1. A History of Obesity, or How What Was Good Became Ugly and Then Bad. Garabed Eknoyan. Advances in Chronic Kidney Disease, Vol 13, No 4 (October), 2006: pp 421-427
  2. The fattest ape: An evolutionary tale of human obesity. Jesse Bering. Scientific American November 2, 2010
  3. Evolutionary Eating — What We Can Learn From Our Primitive Past. Juliann Schaeffer.
    Today’s Dietitian 2009, 11, No. 4, P. 36

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Sugar Content of Jamaica Tea

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Jamaica tea, also known as Roselle tea, is brewed from the dried petals of the hibiscus flower. We break down the nutritional content and answer whether or not sugar is naturally occurring in this ruby red drink.

Recommended Daily Allowances for Middle Aged Female

Recommended Daily Allowances for Middle Aged Female

Question:

What are the recommended daily allowances for the areas below? For reference, I’m an LA Fitness member, a female aged 50, 135 lbs., and 5’6”.

  • Carbohydrates
  • Protein
  • Fat
  • Calcium
  • Sodium
  • Fiber
  • Sugar

– Loretta H.

Answer:

If I were to create a profile with your age, height, weight, and gender in a decent diet analysis program, it would compare your food record to the following US RDAs [or alternative value] for women age 31-50 years, given in amounts per day:

  • Carbohydrate – 130 grams
  • Protein – 49 grams (8 g/kg body weight)
  • Fat – not determined [20-35% calories from fat is acceptable macronutrient distribution range]
  • Calcium – 1,000 mg
  • Sodium – 1,300 mg [Adequate intake for women 50-70 years]
  • Fiber – 25 grams [Adequate Intake]
  • Sugar – not determined [2015 US Dietary Guidelines limit added sugars to less than 10% calories]

– Debbie J., MS, RD

This article should not replace any exercise program or restrictions, any dietary supplements or restrictions, or any other medical recommendations from your primary care physician. Before starting any exercise program or diet, make sure it is approved by your doctor.

Some questions have been edited for length and/or clarity.

Ask our Dietitian

Have a nutrition question? Our registered dietitian is ready to help!

Email nutrition@lafitness.com or submit your question below and it may be featured in an upcoming article!

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Member Spotlight | How Pilates by LAF® Changed This Woman’s Life

Member Spotlight | How Pilates by LAF® Changed This Woman’s Life

The idea of exercise being a chore or challenge to get done is sadly a common consensus among many, but it doesn’t have to be that way.

Meet Shayla W. of Riverside, CA who wanted to be healthy but was struggling with finding the drive to maintain the healthy lifestyle she wanted to live.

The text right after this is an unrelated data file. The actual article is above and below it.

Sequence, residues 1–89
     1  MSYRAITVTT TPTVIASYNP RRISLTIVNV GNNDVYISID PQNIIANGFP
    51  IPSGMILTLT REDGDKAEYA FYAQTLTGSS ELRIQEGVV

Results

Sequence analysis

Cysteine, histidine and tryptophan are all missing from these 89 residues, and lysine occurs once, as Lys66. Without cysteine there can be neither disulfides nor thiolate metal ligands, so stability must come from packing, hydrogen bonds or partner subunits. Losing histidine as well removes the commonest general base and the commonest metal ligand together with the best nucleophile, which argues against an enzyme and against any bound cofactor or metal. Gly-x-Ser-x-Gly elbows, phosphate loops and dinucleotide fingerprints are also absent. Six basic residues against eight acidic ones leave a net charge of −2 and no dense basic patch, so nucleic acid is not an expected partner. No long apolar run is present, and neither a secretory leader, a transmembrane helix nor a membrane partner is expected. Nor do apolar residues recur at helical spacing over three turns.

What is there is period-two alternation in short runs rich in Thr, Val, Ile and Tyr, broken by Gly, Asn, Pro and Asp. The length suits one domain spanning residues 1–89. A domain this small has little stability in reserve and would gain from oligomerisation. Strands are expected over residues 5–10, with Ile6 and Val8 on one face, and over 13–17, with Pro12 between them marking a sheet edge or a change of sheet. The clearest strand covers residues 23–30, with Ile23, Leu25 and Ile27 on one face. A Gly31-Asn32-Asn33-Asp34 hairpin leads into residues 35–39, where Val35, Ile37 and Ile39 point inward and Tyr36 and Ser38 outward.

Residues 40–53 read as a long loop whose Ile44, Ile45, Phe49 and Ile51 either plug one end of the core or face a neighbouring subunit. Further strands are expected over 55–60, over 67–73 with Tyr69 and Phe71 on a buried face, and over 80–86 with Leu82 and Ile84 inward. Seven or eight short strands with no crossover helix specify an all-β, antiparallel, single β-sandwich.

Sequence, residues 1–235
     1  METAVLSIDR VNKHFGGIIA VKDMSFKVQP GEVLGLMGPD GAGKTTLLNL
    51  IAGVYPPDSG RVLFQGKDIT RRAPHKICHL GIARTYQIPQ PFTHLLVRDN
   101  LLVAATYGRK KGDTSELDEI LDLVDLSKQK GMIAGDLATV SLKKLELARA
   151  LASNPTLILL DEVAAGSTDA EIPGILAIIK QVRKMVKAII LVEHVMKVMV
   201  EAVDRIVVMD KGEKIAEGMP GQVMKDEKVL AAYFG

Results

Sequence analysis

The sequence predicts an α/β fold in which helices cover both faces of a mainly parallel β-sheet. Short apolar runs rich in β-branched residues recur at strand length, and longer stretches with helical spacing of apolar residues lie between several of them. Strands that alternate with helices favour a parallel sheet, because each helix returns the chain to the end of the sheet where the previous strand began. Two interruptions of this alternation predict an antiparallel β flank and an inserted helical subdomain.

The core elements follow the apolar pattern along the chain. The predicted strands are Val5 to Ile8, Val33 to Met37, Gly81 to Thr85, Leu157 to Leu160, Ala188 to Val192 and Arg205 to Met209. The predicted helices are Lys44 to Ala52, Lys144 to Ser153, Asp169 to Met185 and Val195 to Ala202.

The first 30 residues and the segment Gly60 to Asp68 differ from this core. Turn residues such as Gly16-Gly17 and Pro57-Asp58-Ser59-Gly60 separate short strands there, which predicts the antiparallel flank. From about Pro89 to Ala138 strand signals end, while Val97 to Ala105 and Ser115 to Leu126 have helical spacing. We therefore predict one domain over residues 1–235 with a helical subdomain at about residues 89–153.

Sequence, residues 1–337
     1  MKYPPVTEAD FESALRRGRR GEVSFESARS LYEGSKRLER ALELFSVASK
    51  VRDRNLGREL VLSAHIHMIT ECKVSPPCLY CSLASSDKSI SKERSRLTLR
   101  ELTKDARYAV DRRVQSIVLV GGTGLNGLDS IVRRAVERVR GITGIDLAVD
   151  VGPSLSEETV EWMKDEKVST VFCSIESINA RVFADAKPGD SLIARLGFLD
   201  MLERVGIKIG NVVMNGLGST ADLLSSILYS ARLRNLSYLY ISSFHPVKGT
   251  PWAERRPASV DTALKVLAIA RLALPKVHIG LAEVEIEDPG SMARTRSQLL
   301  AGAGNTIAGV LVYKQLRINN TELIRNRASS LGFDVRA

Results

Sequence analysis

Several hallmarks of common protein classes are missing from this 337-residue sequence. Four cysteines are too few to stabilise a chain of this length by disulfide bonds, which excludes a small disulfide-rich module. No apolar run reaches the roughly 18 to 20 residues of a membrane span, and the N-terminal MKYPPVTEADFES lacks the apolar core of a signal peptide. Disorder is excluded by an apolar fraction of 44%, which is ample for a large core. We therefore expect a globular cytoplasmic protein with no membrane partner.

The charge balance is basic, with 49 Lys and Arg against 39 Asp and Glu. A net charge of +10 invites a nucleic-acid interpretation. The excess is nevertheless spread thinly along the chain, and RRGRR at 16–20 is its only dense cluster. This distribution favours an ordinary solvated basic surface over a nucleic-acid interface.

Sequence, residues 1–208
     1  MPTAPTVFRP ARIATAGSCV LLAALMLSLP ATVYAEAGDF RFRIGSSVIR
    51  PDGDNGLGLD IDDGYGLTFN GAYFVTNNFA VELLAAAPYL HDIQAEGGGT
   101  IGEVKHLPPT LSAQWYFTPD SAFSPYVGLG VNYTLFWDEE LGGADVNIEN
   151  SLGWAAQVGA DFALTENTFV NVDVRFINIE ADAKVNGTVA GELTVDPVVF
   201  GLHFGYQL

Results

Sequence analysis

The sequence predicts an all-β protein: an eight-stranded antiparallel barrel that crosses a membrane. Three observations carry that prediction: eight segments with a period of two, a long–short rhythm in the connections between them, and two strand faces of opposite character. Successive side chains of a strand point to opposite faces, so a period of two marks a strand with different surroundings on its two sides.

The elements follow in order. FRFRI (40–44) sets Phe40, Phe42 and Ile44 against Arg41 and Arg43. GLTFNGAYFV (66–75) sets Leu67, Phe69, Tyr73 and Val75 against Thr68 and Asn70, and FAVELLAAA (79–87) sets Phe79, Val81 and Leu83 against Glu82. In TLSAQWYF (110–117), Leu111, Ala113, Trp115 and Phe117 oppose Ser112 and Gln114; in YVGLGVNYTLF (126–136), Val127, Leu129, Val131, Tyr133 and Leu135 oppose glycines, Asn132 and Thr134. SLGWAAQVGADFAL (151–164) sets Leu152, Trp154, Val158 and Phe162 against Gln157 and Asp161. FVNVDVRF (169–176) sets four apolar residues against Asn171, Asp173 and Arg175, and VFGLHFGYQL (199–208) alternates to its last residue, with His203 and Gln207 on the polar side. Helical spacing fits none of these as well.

You see, six years ago Shayla wanted to be healthy by her 40th birthday.

She missed that mark by well over 100 lbs.

Between 2012 and 2016, Shayla lost 80 pounds and then regained 102 lbs. She struggled with feelings of being a failure. Her doctor referred her for bariatric surgery.

At first, she was not convinced that the surgery was necessary. Instead, she buckled down and changed her eating habits and started exercising regularly.

It didn’t work.

Shayla had gastric sleeve surgery in May of 2017. While most people believe that bariatric surgery is an easy way to lose weight, that’s not necessarily the case. The surgery does help with reducing the amount of food your body wants to eat, but it’s imperative that you are consuming the correct foods.

While every person’s own nutrition needs vary, Shayla is currently consuming 5 – 6 small meals daily. She eats about every 3 hours. The mornings are typically started with a green smoothie, and she makes sure to have at least one salad a day.

Exercising also plays into a big part of the equation, especially after bariatric surgery when you can lose fat and muscle. Wanting to build her muscle, increase core strength, and correct her posture, Shayla was searching for a Pilates studio. She learned about Pilates by LAF® studios from her co-workers who had attended an introductory workout and enjoyed it.

She decided to give the introductory workout a chance herself, and she loved it! She was also impressed with the small class set up and decided to join.

“It is the highlight of my day. I leave work and go straight to the classes. It has become my stress reliever. I am so glad that LA Fitness added Pilates by LAF workouts.”

Shayla W.

Pilates by LAF® Member

Shayla’s current goal mirrors the same one of her past, and that’s staying healthy. “I firmly believe that being healthy is not one size or someone’s visual perception of what is healthy or attractive,” says Shayla.

Shayla’s Advice?

“Take pictures as you drop and tone. It will document your journey to good health.”

Shayla W.

Pilates by LAF® Client

Exercise doesn’t have to be so difficult. If you find yourself lacking the motivation to get moving, try switching up your routine until you find something you truly enjoy doing. If Pilates isn’t for you, consider participating in group fitness classes, playing in club leagues, or perhaps booking a session with a Pro Results® personal trainer to help figure out just what it is you like to do.

Get moving to get healthy! We believe in you, you just have to believe in yourself – and we can help!